The Amazon Kindle and previous Barnes & Noble ebook readers download new books and magazines via wireless 3G connections. You can download new books most anywhere, as long as you are within a few miles of a cell phone tower. While convenient, the 3G connections must cost a lot of money for Amazon and for Barnes & Noble. The new, low-priced WiFi-only Nook solves the expense problem by downloading only from short-range WiFi connections.
If you have a WiFi router in your home, you can download new books and magazines to the new Nook. Barnes & Noble is also offering "complimentary access" to all the thousands of AT&T WiFi hot spots around the country. You should be able to download while visiting coffee shops, restaurants, hotels, and many other locations. Finally, the new Nook will also be able to download new books from WiFi connections available in any Barnes & Noble retail store.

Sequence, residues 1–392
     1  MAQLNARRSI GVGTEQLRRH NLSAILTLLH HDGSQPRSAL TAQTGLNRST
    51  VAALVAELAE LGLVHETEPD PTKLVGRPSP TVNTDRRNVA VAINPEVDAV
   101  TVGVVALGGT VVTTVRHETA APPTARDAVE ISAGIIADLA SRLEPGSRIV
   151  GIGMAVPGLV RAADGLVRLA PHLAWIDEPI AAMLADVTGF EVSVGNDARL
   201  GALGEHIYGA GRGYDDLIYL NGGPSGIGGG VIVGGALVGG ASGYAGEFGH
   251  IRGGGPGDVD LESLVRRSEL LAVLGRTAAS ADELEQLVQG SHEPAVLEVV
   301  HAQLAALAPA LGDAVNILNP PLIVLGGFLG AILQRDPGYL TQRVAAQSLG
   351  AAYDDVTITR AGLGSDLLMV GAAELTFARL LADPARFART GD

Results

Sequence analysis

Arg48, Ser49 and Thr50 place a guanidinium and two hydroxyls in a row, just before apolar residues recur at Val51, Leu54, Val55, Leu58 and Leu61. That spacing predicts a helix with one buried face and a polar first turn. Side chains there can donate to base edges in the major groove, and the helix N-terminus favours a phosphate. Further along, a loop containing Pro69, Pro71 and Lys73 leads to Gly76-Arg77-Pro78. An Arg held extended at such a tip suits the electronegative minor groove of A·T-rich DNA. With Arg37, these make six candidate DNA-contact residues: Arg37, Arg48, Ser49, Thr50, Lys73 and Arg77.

The marketplace remains competitive, however. Sony recently released a new Pocket Edition e-reader that sells for $149 but has no wireless connectivity and has a rather small 5-inch screen. Borders is just bringing out its Kobo e-reader for $149 but, again, it has no wireless capability. Barnes & Noble also announced today that the older model of the 3G-equipped Nook that was selling for $249 is now available for $199. The Apple iPad is much more expensive but is multi-purpose, so it is also very competitive. It functions as a very good ebook reader with a color screen.
The Barnes & Noble $149 WiFi-only Nook now appears to be the best bargain in the marketplace, but that could change within days. Rumors have been floating around, claiming that Amazon is about to release a new version of its own Kindle that may have a touch-screen interface and offer faster performance. Pricing of the yet-unannounced Amazon device is unknown.
UPDATE: A few hours after Barnes & Noble announced the new $140 WiFi-only Nook, Amazon responded by cutting the price of the Kindle to $189.